The shift started becoming apparent in private comments on the opening day of the G7 summit. 'We are not against change,' said a diplomat from Britain, which as late as last month submitted to the UN a recommendation that the effectiveness of the Council must not be compromised in any way. 'We recognise that the debate is about widening the Security Council, including the permanent membership . . . There are countries who are, or who are on the way, to being able to carry out their peace-keeping responsibilities.' This was a clear reference to efforts by Germany and Japan to overcome constitutional obstacles to sending troops abroad. But, British officials added in a hint of how the issue will be played to delay the reform, the UN could never justify limiting the new admissions to those two members of the rich man's club. The Third World, too, would want to see its interests represented and the most logical candidates would be populous nations such as India and Brazil. 'And then we'd have Nigeria knocking at the door. Look at the state they're in,' one official said.
As if on cue, the Foreign Minister of Nigeria's military-led transitional council flew into Tokyo to hold talks with Douglas Hurd, the Foreign Secretary, yesterday. Matthew Mbu had contrived an excuse to find himself in Tokyo during the summit, as it is unlikely he would have received an audience in London. What the minister told Mr Hurd in his private 15-minute bilateral at the British embassy residence is not clear, but it is likely he pleaded for understanding and patience while Nigeria sought to set up its interim government, tentatively formed yesterday. By now, Mr Hurd had won the approval of Mr Major for Britain's more reform-friendly policy on the UN. Immediately after the bilateral with Mr Mbu, Mr Hurd happened to be giving an interview to the BBC where he said: 'Our main concern is with the effective working of the Security Council. There is a debate about enlarged membership. I think that debate will go on for some time. It will not be settled simply by adding Germany and Japan. But I think if at the end of the day there is agreement on a widening of the Security Council, and if Germany and Japan are by then fully involved, fully able to take part in peace-keeping, then they would be natural beneficiaries to it. I think to be honest it is some way off, it certainly will not be solved simply by adding Germany and Japan to the present list. The British and French position is safeguarded and no one is suggesting that it should be altered.'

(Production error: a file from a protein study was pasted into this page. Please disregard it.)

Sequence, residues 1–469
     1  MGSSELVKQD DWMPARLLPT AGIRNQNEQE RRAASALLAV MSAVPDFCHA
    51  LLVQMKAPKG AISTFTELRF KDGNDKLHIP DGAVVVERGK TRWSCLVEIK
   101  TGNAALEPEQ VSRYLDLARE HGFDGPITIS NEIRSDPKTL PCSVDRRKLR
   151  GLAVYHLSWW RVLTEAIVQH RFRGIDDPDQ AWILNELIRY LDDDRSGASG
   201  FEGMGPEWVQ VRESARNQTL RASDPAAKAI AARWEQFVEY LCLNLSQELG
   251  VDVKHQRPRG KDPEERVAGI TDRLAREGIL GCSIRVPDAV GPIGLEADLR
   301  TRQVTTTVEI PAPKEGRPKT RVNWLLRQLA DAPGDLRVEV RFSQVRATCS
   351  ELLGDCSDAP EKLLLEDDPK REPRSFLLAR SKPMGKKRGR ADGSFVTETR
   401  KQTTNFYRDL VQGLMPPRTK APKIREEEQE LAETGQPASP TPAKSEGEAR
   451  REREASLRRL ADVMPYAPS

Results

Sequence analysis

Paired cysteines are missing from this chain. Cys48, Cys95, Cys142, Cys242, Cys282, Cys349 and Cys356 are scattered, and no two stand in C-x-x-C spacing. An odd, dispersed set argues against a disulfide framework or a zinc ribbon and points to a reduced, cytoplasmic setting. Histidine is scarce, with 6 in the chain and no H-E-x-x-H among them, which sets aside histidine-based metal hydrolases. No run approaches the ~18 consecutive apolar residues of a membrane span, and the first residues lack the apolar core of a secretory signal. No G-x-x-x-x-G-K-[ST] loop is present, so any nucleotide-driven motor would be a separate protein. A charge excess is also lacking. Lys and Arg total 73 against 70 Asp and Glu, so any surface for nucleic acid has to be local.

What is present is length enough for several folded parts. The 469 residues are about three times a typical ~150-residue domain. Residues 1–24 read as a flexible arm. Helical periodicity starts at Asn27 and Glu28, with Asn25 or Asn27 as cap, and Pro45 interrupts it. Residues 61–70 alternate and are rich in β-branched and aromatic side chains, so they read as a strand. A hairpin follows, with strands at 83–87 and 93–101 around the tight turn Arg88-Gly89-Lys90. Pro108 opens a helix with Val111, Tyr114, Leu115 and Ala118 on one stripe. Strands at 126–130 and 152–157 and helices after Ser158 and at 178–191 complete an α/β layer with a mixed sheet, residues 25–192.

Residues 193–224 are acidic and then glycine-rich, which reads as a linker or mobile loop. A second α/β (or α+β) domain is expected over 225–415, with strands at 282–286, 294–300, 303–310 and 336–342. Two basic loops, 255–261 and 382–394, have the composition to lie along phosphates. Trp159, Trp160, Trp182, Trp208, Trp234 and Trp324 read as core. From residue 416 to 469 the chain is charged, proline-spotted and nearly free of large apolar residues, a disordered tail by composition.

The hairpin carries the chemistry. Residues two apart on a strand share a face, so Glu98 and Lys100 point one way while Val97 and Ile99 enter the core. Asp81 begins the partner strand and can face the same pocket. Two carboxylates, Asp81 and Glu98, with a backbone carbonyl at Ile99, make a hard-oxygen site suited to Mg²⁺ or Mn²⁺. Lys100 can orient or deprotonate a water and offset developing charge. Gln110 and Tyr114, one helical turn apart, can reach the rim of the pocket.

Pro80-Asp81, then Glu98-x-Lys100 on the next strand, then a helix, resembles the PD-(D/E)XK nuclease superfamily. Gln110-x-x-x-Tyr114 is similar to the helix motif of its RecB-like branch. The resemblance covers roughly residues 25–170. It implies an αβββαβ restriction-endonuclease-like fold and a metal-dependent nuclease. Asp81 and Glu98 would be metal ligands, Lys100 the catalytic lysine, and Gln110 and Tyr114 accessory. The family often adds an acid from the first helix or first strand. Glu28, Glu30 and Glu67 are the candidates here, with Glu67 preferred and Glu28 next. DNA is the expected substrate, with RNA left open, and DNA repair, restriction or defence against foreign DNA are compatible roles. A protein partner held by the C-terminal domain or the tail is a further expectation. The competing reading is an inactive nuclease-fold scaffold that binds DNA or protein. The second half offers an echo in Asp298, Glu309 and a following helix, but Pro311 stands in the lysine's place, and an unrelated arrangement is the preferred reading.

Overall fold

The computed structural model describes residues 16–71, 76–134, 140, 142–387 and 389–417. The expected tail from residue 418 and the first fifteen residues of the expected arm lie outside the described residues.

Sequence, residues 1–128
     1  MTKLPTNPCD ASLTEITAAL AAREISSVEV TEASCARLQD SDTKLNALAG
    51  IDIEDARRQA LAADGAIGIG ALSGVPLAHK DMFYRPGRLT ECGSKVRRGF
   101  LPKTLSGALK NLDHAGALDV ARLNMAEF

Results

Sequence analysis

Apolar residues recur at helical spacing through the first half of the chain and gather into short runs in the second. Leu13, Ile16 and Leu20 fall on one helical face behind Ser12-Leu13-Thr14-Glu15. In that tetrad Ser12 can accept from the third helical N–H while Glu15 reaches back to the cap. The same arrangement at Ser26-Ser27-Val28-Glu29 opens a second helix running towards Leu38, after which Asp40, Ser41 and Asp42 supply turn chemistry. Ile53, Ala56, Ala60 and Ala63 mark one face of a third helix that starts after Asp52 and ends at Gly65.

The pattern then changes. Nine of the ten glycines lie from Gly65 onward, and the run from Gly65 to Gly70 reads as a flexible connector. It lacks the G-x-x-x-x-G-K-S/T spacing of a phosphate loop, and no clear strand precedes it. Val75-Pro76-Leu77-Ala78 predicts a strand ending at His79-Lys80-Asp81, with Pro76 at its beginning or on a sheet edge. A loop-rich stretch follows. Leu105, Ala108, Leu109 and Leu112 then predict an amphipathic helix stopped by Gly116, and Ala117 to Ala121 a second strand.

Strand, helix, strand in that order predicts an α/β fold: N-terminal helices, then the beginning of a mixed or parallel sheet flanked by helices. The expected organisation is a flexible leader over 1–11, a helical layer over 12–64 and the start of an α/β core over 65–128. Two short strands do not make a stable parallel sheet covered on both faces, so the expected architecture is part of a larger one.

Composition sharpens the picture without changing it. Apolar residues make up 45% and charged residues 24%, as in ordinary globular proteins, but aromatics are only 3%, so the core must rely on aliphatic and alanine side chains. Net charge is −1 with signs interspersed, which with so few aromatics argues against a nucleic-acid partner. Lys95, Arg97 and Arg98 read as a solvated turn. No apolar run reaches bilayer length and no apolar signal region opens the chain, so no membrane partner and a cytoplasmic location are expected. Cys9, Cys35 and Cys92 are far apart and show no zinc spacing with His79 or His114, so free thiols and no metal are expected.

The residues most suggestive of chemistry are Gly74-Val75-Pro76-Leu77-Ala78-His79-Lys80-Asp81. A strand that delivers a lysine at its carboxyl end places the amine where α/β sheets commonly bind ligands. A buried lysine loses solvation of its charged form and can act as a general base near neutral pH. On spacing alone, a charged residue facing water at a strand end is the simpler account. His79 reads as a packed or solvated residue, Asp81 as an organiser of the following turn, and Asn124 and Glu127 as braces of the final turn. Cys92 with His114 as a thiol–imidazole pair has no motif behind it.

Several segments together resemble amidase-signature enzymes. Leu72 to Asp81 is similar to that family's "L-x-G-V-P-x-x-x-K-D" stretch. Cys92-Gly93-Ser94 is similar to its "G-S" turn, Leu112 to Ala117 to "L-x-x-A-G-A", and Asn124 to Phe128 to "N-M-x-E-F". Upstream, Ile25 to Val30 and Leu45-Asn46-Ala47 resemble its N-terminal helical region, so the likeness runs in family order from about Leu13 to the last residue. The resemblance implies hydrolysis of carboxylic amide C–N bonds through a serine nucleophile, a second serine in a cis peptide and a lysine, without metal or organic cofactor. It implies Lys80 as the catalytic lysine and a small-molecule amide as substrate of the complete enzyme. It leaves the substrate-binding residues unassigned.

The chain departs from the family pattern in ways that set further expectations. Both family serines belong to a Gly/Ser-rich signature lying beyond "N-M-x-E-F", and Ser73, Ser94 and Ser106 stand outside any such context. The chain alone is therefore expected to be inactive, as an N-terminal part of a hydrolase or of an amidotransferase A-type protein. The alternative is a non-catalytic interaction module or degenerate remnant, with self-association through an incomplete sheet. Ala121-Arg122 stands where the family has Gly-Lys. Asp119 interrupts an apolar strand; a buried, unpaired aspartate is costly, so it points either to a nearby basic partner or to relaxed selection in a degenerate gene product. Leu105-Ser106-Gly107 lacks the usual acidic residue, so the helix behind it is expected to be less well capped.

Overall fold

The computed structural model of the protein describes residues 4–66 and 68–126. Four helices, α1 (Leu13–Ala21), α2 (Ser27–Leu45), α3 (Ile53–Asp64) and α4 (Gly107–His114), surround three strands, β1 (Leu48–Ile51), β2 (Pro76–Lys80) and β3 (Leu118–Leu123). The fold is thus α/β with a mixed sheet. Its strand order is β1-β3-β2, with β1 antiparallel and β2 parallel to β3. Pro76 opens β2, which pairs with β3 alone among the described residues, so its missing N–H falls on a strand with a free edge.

France, the other medium-sized world power desperate to hang on to its seat, has been less opposed to the idea of reform, saying it would not go against it in isolation. It has been accused of hiding behind Britain's skirts on the issue. Britain must have realised the danger of being the lone reactionary. As one senior Japanese diplomat said: 'Britain and France have done a lot of good on the Security Council - it's always those who feel most at risk in a hierarchy who make the greatest effort to be constructive. But Britain risks spoiling its entire image if it is perceived as digging its heels in against reform.'
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